Rand’s axioms: Existence exists. Now lets examine the Objectivist axioms, beginning with the axiom of existence. The Objectivist axioms are very instructive as to the dangers of an overly-speculative, rationalistic, largely verbal philosophy. Rand uses the vagueness of her axioms to confuse their tautological meaning with other more problematic meanings. This confusion is at the very heart of the Objectivist axioms.
When we say that some object such as a cat or dog exists, we mean that they have a substantive, independent existence “in reality." Unicorns aren’t recognized as existing or as "real," because no such entity exists in the world of fact and matter. But although unicorns don't exist as real animals, they could be said to exist as an idea or an object of the imagination. If we accept that unicorns exist in this sense, we must also admit that this "non-real" type of existence is very different from the existence that dogs and cats enjoy. It will not do to conflate these two types of existence.
When Objectivists insist that “existence exists,” in what sense do they mean it? In the cat and dog sense, or in the unicorn sense?
“The axiom of Existence states that something exists,” writes David Kelley. “This is the most basic fact of reality. It is simply the statement that there is reality; that whatever there is, is, that whatever one perceives is there to be perceived.”
From these statements, it seems that Objectivism endorses the cat and dog sense of existence. Existence exists becomes merely a pithy way of saying reality exists. Yet Kelley later on backs away from this interpretation: “Notice that [none of the Objectivst axioms make] any specific statement about the nature of what exists. For example, the axiom of existence does not assert the existence of a physical or material world as opposed to a mental one.” [The Logical Structure of Objectivism, 20-22]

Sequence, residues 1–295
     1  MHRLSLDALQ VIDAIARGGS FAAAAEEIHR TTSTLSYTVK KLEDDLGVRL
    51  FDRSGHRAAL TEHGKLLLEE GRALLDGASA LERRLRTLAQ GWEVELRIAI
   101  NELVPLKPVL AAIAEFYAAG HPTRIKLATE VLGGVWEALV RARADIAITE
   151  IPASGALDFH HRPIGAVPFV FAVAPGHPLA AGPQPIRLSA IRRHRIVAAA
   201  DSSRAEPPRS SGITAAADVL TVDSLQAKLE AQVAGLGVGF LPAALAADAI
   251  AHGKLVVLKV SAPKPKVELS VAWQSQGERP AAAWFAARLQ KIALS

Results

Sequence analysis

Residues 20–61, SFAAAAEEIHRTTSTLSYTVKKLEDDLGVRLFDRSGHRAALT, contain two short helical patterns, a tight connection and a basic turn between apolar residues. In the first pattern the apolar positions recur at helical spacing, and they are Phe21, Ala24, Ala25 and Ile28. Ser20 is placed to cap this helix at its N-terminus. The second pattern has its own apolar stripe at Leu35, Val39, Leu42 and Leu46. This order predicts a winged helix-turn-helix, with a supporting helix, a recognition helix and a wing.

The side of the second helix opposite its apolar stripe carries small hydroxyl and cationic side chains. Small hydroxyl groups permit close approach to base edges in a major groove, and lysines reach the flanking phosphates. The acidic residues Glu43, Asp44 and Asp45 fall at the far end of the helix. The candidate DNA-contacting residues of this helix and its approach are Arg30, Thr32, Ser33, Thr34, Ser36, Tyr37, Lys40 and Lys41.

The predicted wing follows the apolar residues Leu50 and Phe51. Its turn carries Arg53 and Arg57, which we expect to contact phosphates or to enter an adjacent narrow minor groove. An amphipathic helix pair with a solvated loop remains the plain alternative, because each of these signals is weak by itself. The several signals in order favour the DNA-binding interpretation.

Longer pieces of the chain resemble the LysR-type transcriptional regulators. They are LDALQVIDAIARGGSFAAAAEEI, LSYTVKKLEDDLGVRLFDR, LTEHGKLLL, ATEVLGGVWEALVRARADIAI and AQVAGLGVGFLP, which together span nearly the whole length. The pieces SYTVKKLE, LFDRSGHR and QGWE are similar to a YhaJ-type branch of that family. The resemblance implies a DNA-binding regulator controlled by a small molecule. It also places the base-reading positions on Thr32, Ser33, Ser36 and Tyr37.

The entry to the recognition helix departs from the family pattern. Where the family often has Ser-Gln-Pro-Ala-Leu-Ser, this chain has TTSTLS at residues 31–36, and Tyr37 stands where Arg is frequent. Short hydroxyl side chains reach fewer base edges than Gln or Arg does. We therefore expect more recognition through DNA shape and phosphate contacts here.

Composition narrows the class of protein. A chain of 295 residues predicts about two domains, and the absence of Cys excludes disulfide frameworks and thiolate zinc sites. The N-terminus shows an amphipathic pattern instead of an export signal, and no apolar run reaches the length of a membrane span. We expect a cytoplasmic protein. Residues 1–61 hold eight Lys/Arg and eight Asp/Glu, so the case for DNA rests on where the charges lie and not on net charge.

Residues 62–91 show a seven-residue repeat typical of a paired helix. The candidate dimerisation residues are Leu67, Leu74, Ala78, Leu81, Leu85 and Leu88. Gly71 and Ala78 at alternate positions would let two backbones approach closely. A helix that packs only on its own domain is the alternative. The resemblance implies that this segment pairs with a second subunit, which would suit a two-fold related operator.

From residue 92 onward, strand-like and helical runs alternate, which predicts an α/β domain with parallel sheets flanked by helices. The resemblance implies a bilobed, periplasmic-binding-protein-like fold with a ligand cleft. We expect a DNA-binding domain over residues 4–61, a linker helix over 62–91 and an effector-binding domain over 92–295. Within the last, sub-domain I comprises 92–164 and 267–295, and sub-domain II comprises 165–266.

So it would appear that existence is used in the unicorn sense. Existence exists merely indicates that something, however ephemeral, exists. It could be a mere idea or essence or image, entirely mythical, like the unicorn. If so, how can Kelley describe this idea as a “basic fact of reality” or equate the phrase existence exists with the phrase reality exists. If all that exists is a stream of essences trickling through consciousness, how can that be described as reality—or, even worse, as a fact of reality?
If we examine all this from a foundationalist mindset (a mindset which Objectivists must honor if they wish to remain consistent), it is clear that the Objectivist axiom of existence fails to deliver what it promises. In the sense that it is foundationally true and obvious (i.e., in the unicorn sense), it is merely an empty, mostly irrelevant tautology. In the sense that it is meaningful, it is neither obvious nor self-evident, but is problematic and conjectural. Kelley describes axioms as “statements validated directly by perceptual observation.” While all sane people believe that existence exists in the cat and dog sense of the term, this belief is not “validated” by direct perceptual observation. Our belief in reality (and it is only a belief) is based on something far more complex and enduring than mere observation. A man, if he has drunk enough whiskey, may observe a pink elephant riding on a unicorn. Yet to say that this pink elephant exists because the drunk is conscious of it is to lapse into palpable idealism. It is only when we have brought intelligence and our practical sense of things (which is based on memory, the “validity” of which is deeply problematical and hardly self-evident) to bear on this observation that we can determine that it is far from real.
To say that “something” exists in the unicorn sense of the term constitutes no great insight into the foundations of knowledge or reality. Who denies it? Objectivists are under the illusion that there exists this large contingent of philosophers that deny the axiom existence exists in the trivial, unicorn sense of the phrase. But strange to say, they cannot produce any such philosopher.